A slow leak in your tire can be hard to notice at first, especially if there is no obvious damage to the tire’s rubber or nail protruding through the hole you just made. While this may eventually lead to a flat tire, it does so gradually, as opposed to a very obvious blowout.
This type of problem can occur even with a new tire or vehicle but is also a very common repair that can sometimes be done at home. However, repairs at home are not always possible, especially in the case of rim damage.
Common Causes for Slow Tire Leaks
A slow tire leak is more than just a nuisance. A leak can lead to low tire pressure. Not to mention that prolonged driving on a tire with insufficient air pressure can lead to greater tire damage or even a dangerous burst.
If you’re experiencing a slow leak, here are some things to look for:
- A flat tire: It is a common misconception that a flat tire leads to an instant flat tire. In many cases, however, the object that caused the flat tire gets stuck in the tire and prevents the air from escaping quickly. As with all tire leaks, it is important not to ignore a flat tire. At some point the object either wears out and/or works its way out of the tire. Related: How to run with Flat tire?
- Wheel damage: Another common cause of slow tire leaks is damage in the area where the tire bead meets the rim. This type of damage is usually caused by the driver hitting the curb, taking a bump at high speed OR those dreaded potholes! The impact deforms the metal surface of the wheel, which can cause the tire to detach from the wheel’s mounting surface.
- Damage to the valve stem: The third most common cause of slow tire leaks is worn or damaged valve stems. Time, use, and contact with elements can cause your valve stems to wear out and cause leaks.
Related: How to Fix a Flat Tire?
A built-in tire pressure monitoring system, or TPMS, may alert you of lower pressure in one of your car’s tires as the leak will cause the PSI to drop. If your car does not have such a system, you may notice a change in the quality of the ride while driving.
A visual inspection when stopping can indicate that the tire is losing air (or gas for nitrogen-filled tires) and is starting to flat. However, before a repair can be done, the source of the slow leak must be found.
If a thorough inspection of a leaky tire, which will likely require removal from the vehicle, does not find a nail or hole, the slow leak may be caused by a pinhole in the tread or sidewall. But the tire shouldn’t be the problem.
The air valve stem may be leaking and need to be replaced, or the tire bead (where it meets the wheel) may not be properly sealed to the rim (a common problem in areas where road salt is used which can attack the metal surface of the rim).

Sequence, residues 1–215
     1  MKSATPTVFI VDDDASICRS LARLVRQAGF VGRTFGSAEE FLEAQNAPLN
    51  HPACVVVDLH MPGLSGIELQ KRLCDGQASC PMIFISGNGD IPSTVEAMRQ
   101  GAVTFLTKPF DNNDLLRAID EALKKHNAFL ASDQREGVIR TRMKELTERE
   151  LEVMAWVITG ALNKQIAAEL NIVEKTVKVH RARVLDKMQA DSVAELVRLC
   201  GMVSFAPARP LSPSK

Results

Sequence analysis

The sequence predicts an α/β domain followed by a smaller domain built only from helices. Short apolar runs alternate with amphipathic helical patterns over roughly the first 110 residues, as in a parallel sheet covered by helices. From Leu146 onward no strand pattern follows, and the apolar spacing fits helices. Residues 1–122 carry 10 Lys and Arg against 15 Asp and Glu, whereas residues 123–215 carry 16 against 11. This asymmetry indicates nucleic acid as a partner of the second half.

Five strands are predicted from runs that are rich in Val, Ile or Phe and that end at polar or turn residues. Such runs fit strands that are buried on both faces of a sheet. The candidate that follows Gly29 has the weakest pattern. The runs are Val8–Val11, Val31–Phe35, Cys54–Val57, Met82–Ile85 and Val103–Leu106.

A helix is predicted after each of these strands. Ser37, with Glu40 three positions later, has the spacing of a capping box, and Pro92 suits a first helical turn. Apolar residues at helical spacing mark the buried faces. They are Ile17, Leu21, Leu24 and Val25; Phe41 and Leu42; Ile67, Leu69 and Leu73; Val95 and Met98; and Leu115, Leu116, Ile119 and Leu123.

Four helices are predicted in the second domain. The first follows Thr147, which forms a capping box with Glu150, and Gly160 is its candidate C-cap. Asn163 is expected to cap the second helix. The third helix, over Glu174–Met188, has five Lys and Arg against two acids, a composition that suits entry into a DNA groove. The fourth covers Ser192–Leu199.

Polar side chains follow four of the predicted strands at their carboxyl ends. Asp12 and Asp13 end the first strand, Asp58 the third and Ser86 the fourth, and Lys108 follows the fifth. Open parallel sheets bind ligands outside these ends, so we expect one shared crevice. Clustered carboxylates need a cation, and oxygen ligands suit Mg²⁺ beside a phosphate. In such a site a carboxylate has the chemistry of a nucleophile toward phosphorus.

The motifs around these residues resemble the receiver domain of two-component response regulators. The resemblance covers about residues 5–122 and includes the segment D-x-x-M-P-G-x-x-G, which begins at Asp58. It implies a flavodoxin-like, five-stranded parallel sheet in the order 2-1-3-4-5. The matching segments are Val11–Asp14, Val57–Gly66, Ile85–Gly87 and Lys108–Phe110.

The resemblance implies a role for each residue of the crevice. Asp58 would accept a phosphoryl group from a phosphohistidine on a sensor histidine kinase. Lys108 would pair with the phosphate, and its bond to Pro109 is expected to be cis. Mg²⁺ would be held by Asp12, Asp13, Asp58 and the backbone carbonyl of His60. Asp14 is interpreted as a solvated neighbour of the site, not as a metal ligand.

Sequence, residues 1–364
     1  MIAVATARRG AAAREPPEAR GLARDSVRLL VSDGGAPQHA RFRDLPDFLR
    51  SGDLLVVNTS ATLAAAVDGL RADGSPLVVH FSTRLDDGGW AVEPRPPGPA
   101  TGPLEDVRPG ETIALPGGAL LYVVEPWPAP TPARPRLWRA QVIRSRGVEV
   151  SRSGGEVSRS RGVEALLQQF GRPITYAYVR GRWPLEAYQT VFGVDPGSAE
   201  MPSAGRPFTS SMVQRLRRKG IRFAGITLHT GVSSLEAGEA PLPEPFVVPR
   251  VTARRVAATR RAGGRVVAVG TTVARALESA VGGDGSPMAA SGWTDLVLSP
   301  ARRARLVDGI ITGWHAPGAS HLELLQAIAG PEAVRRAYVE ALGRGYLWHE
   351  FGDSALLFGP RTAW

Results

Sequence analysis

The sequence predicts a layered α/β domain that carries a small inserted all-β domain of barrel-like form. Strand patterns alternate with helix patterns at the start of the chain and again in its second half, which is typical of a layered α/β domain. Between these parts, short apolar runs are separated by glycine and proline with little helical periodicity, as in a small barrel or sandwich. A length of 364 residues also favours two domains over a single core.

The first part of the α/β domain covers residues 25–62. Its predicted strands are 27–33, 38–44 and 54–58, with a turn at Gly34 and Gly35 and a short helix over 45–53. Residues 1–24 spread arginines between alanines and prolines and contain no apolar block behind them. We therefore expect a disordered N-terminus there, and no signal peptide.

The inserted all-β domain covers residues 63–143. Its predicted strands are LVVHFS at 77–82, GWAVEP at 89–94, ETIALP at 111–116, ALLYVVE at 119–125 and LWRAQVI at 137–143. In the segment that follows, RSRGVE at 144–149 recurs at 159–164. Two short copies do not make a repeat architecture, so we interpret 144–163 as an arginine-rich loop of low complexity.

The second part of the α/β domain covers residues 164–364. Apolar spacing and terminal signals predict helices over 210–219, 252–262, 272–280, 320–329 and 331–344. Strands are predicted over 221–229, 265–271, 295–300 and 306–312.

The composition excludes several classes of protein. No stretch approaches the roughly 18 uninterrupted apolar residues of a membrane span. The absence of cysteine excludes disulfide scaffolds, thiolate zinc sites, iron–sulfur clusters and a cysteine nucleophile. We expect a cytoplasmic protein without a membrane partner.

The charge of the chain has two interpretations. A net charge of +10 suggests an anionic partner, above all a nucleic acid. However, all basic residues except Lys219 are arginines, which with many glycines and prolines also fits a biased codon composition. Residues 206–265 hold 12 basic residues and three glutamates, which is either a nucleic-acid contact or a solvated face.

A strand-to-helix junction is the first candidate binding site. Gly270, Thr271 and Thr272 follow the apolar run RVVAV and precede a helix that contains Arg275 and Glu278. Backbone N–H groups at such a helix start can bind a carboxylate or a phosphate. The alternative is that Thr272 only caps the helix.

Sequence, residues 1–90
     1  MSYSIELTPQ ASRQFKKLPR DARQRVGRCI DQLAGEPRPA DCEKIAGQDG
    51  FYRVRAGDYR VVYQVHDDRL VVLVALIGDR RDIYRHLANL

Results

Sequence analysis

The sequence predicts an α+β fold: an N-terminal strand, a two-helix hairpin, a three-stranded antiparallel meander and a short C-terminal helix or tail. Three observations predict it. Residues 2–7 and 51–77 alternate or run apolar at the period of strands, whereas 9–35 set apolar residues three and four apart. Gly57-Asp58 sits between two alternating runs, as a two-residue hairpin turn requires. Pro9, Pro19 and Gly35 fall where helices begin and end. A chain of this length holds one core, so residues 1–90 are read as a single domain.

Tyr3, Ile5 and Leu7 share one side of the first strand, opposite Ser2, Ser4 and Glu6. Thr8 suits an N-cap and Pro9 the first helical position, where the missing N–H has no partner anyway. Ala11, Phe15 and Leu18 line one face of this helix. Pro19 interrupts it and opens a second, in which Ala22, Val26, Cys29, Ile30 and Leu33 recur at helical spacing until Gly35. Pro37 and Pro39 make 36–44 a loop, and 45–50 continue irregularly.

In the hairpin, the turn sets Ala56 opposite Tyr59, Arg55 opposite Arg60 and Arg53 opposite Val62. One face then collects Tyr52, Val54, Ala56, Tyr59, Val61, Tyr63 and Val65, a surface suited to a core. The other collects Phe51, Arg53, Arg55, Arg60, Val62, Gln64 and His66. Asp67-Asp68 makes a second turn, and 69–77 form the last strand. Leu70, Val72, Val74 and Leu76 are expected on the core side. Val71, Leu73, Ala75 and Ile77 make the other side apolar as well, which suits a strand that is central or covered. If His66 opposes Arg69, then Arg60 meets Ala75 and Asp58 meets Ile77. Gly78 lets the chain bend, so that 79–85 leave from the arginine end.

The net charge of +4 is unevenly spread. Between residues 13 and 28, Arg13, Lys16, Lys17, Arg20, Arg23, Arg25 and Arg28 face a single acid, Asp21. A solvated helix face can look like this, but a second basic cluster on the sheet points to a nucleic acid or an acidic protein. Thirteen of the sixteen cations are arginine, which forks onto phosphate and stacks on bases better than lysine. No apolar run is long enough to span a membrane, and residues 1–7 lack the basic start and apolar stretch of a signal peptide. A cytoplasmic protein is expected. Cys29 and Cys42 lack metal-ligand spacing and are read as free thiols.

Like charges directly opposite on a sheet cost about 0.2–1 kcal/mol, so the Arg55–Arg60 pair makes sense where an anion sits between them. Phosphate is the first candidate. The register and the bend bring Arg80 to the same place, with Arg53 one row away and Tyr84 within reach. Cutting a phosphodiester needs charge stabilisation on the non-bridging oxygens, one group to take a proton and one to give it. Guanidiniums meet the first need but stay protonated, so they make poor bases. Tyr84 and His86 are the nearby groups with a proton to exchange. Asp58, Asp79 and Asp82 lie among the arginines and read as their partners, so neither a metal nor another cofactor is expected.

Soap and water, or just water, can help identify the source of a slow leak before a repair. Mix liquid soap with water in a spray bottle and spray all parts of the tire tread, sidewalls, valve stem, and opening (with the cap removed) and along the rim on both sides with the soapy water until you find a point where bubbles start to build up to form.
Then the air escapes. This is easier with the wheel away from the car, but you may be able to find the leak without removing the wheel, especially at the front where turning the steering wheel exposes the inner sidewall somewhat.
Another way to find a leak is to remove the tire and wheel from the vehicle and soak them in a tub of water. Bubbles form at the leak. If the tub isn’t big enough to submerge the entire tire, ride sections one at a time.
Pinholes and small holes in the tread that cause a leak can be clogged or mended. Large punctures cannot do this, and minor damage to the sidewalls or shoulders (where the tread and sidewall meet) usually requires replacement with a new tire. Valve stems and inserts (the tiny valve itself in the hose) with leaks can also be replaced.
If the slow leak is due to the wheel not being fully seated on the tire, sometimes removing the tire and applying a bead sealer can stop the leak.
So, how to fix slow leak in car tire?
It is important that you have your tire diagnosed by a professionally trained tire store or mobile tire repair service as soon as possible. In the event of a flat tire, you may want to use a tire repair kit to keep the tire properly inflated until you can have it serviced. The leak should then be permanently repaired with a suitable tire repair consisting of a hardened rubber shaft and a repair unit.
If the leak is caused by a damaged valve, a trained tire technician can usually replace the valve at a minimal cost. However, in some cases, the tire may need to be replaced.
If the leak is from a damaged wheel, a tire technician may be able to reapply and reseal the tire with a bead sealer. However, if the wheel is severely damaged, you may need to replace the wheel yourself.